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Entrenched in Retail Leasing, Eastern Consolidated’s Max Swerdloff Is Hungry for More


Being a millennial has its advantages in the commercial leasing business: You have your finger on the pulse of trends, you’re adept at using social media, and similarly aged potential clients think you “get” them.

That’s what has appealed to Jack Liang, one of the founders of the PokéSpot and Project Cozy, about his primary leasing agent, Max Swerdloff of Eastern Consolidated.

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“We’re all pretty new-generation entrepreneurs,” Liang said. “We’re all around the same age, 30 and under. He kind of relates to our problems. He kind of knows what’s in and what’s now.”

Liang and his partners turned to Swerdloff and a senior colleague on James Famularo’s Eastern retail leasing team, Jeff Geoghegan, after their broker from another firm was unresponsive. The Eastern duo found the PokéSpot’s first location at 120 Fourth Avenue in April 2016 (which opened last August). After that Swerdloff and Geoghegan negotiated a second lease at 25 Cleveland Place (it opened this April) followed by a space for another Liang-affiliated retail concept, Project Cozy, on the ground floor of New York University’s dorm at 398 Broome Street. That opened in the summer.

Swerdloff is currently on his 25th deal, representing Thor Equities in a triple-net lease (nearing completion) for the entire six story, 10,000-square-foot commercial building at 3 West 48th Street.

“Every single deal is so different, and that’s what I really love about it,” he said. “This 48th Street deal we’re working on, I’ve learned so much by working on this one. There are a lot more moving parts than a lot of other deals when you’re doing a triple-net lease on an entire building.”

Words Liang used to describe Swerdloff, 24, include “energetic” and “prompt” with good “follow-up” skills.

Famularo brought Swerdloff onto his team in November 2015, not long after the Westchester native started at the firm, and as a quick learner, it wasn’t long before the sales associate was going solo on showings, preparing proposal submissions and doing actual negotiations.

Today, Swerdloff is the point person for some of the team’s biggest clients, like Kushner Companies and its East Village portfolio.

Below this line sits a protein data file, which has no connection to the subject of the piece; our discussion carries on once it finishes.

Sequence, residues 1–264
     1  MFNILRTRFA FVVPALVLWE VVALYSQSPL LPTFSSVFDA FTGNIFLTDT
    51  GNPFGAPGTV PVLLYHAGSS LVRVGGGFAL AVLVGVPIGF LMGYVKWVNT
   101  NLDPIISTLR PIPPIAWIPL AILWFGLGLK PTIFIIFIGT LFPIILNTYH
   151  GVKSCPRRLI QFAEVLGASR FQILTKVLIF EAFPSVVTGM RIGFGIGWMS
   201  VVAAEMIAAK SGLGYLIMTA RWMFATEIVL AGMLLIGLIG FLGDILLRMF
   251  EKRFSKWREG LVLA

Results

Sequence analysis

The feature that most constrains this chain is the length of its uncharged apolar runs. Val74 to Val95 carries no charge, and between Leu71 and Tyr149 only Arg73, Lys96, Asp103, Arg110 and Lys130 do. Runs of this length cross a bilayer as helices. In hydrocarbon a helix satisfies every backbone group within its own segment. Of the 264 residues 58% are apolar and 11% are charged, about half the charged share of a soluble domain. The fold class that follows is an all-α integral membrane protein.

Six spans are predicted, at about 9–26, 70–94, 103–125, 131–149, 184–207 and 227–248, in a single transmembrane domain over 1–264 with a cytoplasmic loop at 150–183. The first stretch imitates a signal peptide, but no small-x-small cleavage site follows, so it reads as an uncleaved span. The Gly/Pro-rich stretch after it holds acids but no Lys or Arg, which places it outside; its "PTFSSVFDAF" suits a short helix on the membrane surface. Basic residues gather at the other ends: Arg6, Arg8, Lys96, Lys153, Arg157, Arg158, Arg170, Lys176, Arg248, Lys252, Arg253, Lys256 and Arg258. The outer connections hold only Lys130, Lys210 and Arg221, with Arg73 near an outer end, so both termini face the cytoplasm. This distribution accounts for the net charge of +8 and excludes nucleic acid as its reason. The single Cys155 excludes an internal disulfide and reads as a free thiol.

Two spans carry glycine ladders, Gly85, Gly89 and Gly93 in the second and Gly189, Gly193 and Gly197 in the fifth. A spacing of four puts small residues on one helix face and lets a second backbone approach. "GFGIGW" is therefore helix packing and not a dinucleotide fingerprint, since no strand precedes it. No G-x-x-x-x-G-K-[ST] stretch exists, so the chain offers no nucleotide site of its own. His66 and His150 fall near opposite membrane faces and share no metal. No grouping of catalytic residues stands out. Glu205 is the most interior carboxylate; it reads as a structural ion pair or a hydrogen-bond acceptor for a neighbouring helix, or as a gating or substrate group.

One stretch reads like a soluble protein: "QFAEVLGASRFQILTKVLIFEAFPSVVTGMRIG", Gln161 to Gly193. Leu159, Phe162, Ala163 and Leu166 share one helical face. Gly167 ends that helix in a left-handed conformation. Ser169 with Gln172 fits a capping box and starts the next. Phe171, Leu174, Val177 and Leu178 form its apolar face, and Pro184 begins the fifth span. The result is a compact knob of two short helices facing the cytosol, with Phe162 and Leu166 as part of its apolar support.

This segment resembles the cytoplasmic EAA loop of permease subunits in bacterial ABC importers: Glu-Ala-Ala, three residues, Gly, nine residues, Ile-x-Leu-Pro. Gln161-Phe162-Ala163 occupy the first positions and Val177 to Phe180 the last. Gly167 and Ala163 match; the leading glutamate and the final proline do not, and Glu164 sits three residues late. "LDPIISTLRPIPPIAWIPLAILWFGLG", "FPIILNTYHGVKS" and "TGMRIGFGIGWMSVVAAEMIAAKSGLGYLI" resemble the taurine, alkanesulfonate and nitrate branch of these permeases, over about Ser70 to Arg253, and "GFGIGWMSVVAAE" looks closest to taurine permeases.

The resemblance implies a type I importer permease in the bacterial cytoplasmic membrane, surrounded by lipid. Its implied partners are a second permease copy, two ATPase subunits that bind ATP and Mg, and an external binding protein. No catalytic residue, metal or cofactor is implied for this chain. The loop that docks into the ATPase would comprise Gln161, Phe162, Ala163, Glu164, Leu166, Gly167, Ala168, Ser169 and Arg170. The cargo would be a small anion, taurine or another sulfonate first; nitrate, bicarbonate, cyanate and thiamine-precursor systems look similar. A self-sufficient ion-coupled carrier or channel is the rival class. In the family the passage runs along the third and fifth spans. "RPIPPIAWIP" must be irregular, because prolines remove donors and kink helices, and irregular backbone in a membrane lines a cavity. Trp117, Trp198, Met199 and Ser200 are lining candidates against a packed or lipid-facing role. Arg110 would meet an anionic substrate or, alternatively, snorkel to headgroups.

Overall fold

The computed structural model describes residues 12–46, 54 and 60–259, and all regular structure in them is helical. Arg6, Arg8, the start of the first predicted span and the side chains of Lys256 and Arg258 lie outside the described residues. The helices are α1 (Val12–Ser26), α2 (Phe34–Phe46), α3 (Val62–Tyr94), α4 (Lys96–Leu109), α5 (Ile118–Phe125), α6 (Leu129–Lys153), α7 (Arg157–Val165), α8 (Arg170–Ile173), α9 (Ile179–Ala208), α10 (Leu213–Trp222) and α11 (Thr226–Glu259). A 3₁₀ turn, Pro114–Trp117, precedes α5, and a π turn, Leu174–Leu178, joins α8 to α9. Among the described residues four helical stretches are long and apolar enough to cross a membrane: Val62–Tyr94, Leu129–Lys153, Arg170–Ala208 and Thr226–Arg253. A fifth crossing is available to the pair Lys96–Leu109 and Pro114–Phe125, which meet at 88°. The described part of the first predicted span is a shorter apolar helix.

Nicole Kushner Meyer, a principal of Kushner Companies, said she credits Swerdloff with leasing 13 of the 13 retail vacancies in the landlord’s 2,000-residential unit Lower East Side and East Village portfolio in about a year and ahalf.

What has made the assignment challenging, she said, is finding tenants that don’t require a liquor license (the Lower East Side community board has been stingy about handing them out as of late). In addition Kushner Companies only wants credit-worthy tenants that will serve as an amenity to the residents upstairs.

“He’s really been fantastic in regards to his energy and canvassing tenants and understanding what we want,” said Kushner, the wife of Commercial Observer’s publisher.

Swerdloff was a good pick for the assignment because he lives (with a roommate) in the neighborhood. “You really got to be boots on the ground,” he said, “because these smaller spaces and these deals they transact really quick.”

Transaction attorney Edward Bullard of Bullard Law Group worked with Swerdloff on 10 to 15 deals this calendar year.

Bullard said Swerdloff is aggressive but not too aggressive.

“I have found with him he doesn’t drop the ball,” Bullard said. “He doesn’t let time linger on deals. He’s proactive in moving the deals along. There’s the old adage, that time kills all deals. He lives by that.”

Indeed, during an interview with Swerdloff at Eastern’s Midtown offices last week—during which he was dressed in a Zara navy blue windowpane-checked suit, a Barney’s silk purple tie and colorful camouflage socks—he referenced that adage.

Famularo likes bringing Swerdloff along for presentations. “He’s articulate, and he presents well,” Famularo said. “Nowadays people want to see the yin and the yang in a brokerage.” Meaning, an older and a younger team member.

A sluggish retail market isn’t beating down Famularo’s eight-person team. Last year, the group was closing two-and-a-half to three deals a month. Now, they are up to five a month, Famularo said.

On Sept. 29, the team closed four leases on the same day on the Lower East Side and in the East Village—I Love Kickboxing at 43 Essex Street, Best Wingers at 174 Delancey Street, Chelsea Thai at 192 First Avenue and Mama Fina at 167 Avenue A.

“What we’re able to do—when you have control over a neighborhood like that,” Swerdloff said, “we get a call from each of these tenants, and instead of having to take a week or two weeks to find spaces and schedule a tour, we say, ‘When do you want to meet down there—in an hour—two hours?’ And we just take all the keys off our windows for each space. We show them 15 spaces in the neighborhood, and at the end of the tour, it’s ‘Which one do you want to put in [a letter of intent] at?’ It benefits each landlord because we end up leasing all of the spaces that way. [Tenants] don’t feel like they are seeing one space, and there are 14 other vacancies, and they’re like, ‘Why would I pick this one?’ You’re showing them every space in the neighborhood, and they feel comfortable, and you’re usually educating the tenant on the neighborhood.”